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Trans-boundary conservation of Chiru by identifying its potential movement corridors in the alpine desert of Qinghai-Tibetan Plateau

Shi, Jianbin, Li, Xiaowen, Dong, Shikui, Zhuge, Haijing, Mu, Yonglin
Global ecology and conservation 2018 v.16 pp. e00491
Pantholops hodgsonii, anthropogenic activities, conservation areas, conservation status, ecosystems, females, geographic information systems, habitats, models, ungulates, China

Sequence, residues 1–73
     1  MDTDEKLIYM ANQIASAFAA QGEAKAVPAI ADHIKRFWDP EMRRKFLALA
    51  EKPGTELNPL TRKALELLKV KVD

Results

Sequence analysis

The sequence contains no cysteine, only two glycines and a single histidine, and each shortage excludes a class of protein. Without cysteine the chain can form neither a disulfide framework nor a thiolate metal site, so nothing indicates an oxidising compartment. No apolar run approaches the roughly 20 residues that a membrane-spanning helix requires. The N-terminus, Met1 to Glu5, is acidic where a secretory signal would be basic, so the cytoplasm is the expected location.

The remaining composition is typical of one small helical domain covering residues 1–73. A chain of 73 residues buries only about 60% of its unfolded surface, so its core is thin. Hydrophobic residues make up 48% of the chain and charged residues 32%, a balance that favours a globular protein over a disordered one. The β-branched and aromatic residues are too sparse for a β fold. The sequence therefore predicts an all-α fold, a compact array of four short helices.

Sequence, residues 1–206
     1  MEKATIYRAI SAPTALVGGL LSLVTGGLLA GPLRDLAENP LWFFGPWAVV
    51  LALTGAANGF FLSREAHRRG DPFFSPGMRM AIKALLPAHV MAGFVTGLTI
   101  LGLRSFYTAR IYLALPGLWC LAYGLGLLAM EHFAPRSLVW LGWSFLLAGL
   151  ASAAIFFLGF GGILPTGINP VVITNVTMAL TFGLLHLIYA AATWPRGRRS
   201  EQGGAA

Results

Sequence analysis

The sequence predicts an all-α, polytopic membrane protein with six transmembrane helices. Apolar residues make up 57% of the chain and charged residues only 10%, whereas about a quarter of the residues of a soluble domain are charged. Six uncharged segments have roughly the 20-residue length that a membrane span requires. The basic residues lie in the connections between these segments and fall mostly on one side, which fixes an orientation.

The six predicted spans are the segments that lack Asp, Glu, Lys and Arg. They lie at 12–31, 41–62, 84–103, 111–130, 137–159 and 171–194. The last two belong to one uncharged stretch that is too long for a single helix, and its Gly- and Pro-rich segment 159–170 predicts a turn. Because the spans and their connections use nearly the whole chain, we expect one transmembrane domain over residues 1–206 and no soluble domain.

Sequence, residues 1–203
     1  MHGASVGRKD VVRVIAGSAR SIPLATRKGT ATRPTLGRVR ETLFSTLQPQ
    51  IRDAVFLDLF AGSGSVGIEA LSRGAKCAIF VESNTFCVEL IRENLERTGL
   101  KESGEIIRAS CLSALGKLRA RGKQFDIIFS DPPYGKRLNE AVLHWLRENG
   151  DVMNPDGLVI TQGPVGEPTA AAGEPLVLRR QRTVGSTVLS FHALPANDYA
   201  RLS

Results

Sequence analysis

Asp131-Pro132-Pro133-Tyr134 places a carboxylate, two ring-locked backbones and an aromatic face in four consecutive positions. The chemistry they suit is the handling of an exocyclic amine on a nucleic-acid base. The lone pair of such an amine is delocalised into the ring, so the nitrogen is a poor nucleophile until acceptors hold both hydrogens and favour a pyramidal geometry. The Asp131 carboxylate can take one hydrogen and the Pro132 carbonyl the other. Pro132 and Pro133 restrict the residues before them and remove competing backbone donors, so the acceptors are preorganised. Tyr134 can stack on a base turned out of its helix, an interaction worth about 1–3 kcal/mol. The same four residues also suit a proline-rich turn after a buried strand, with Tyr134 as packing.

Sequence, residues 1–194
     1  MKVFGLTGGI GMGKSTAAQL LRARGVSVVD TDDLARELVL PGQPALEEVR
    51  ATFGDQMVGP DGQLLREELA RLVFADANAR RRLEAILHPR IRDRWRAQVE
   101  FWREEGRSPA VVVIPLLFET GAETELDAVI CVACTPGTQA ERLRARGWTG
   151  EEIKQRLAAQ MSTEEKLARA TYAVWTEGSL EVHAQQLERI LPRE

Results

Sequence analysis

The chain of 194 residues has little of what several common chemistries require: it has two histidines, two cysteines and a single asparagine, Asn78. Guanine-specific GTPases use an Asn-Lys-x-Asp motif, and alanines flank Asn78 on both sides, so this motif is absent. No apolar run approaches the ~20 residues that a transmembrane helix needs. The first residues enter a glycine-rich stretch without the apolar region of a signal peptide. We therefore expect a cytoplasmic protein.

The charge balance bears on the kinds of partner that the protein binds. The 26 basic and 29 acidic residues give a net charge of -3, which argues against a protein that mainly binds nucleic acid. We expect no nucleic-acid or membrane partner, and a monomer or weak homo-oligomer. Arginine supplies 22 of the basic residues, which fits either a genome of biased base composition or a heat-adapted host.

The alpine ecosystem of Qinghai-Tibet Plateau (QTP) provides the world's largest habitats for the endangered Chiru (Pantholops hodgsonii). Most female Chiru populations are seasonal long-distance migrants, but their migration routes (corridors) remain mysterious on the QTP. Three adjacent nature reserves (i.e. Altun, Kekexili, Qiangtang nature reserves) have been established to protect the endangered ungulate species and their habitats on the QTP, but they are delineated and managed according to the administrative boundaries. In this study, we employed a GIS-based model (i.e., Linkage Mapper tool) to identify potential movement corridors of Chiru according to the principle of Least Cost Path. We also examined the impacts of human activities on the spatial patterns and conservation status of the identified movement corridors of Chiru. Our results indicated that only 66% of the movement corridors for Chiru were captured by the existing reserves, whilst 76% of the corridors were disturbed by human activities with a relatively high overall disturbance index. The human disturbance index within the existing reserves was considerably lower than that outside the reserves, indicating the conservation efficacy of the reserves. This research developed the conservation strategy for different categories of the corridors (inside, outside, inter-reserve, opening) for Chiru considering their spatial relationship with the existing nature reserves, and highlighted urgent needs to implement trans-boundary conservation strategy by protecting those corridors connecting the existing nature reserves across the alpine desert of QTP.